St George’s Chapel at Windsor Castle is the resting place of 10 monarchs.
Steeped in history, the 15th century gothic church, set in the Lower Ward of the Queen’s favourite residence, has seen many royal funerals and weddings.
It was the setting for the marriage of the Duke of Sussex and Meghan Markle, now the Duchess of Sussex, in May 2018.
The Duke of Edinburgh, who had just recovered from a hip operation, was among the 600 guests who gathered to watch Harry, the Queen and Philip’s grandson, wed the American former actress in a star-studded ceremony.
It was also the venue for the wedding of Princess Eugenie to Jack Brooksbank in October 2018.
As well as the scene of royal celebrations, it has also been a place of sadness for the Windsors.
The funeral of Princess Margaret, the Queen’s sister, took place at St George’s in 2002, as did the private committal service for the Queen Mother the same year.
Both are now buried in the tiny George VI Memorial Chapel within the main chapel with the Queen’s father King George VI, whose funeral took place at St George’s in 1952.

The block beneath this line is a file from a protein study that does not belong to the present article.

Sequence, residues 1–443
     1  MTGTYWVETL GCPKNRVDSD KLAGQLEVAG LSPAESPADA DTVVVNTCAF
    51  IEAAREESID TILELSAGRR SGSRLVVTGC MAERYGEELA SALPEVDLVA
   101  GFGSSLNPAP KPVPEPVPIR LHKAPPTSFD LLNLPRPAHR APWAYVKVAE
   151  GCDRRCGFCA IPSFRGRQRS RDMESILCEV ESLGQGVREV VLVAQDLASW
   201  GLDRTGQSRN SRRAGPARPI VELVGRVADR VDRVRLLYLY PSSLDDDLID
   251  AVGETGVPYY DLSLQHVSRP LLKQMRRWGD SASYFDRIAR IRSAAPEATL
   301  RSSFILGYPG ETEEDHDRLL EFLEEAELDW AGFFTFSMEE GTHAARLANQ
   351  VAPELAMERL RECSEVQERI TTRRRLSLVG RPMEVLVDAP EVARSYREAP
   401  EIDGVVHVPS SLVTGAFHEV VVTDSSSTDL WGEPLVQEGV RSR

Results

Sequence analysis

The chapel in Berkshire was also the setting for the funerals of Princess Alexandra’s husband Sir Angus Ogilvy in 2005 and Princess Alice, Duchess of Gloucester in 2004.
Within the chapel are the tombs of 10 sovereigns – as well as George VI, the remains of Edward IV, Henry VI, Henry VIII and his third wife Jane Seymour, the beheaded Charles I, George III, George IV, William IV, Edward VII and George V also rest there.
The Prince of Wales and the Duchess of Cornwall’s marriage was blessed in the gothic surrounds in 2005 while the Earl and Countess of Wessex wed there in 1999.
Construction of the chapel was started in 1475 by Edward IV and completed under Henry VIII in 1528.
The chapel is a place of worship for the sovereign and the royal family, and is often at the heart of royal events.
The Windsors gather there each year for Easter services and in the past for occasions such as the service to mark the Duke of Edinburgh’s 90th birthday.
Like Westminster Abbey, it is known as a Royal Peculiar, with the Dean of Windsor responsible only to the sovereign.
It is the Chapel of the Order of the Garter, the premier order of chivalry in England.
Each year in June, royals who are Knights and Ladies of the Garter usually process in carriages from Windsor Castle’s state apartments down the hill to the chapel for the traditional Order of the Garter ceremony.
They dress in their Garter robes – heavy blue velvet capes and black velvet hats with elaborate white ostrich plumes.
On each side of the Quire are the beautifully carved stalls of the Knights and Ladies of the Garter, constructed between 1478 and 1495.
Last year’s Order of the Garter ceremony was cancelled because of the Covid-19 crisis.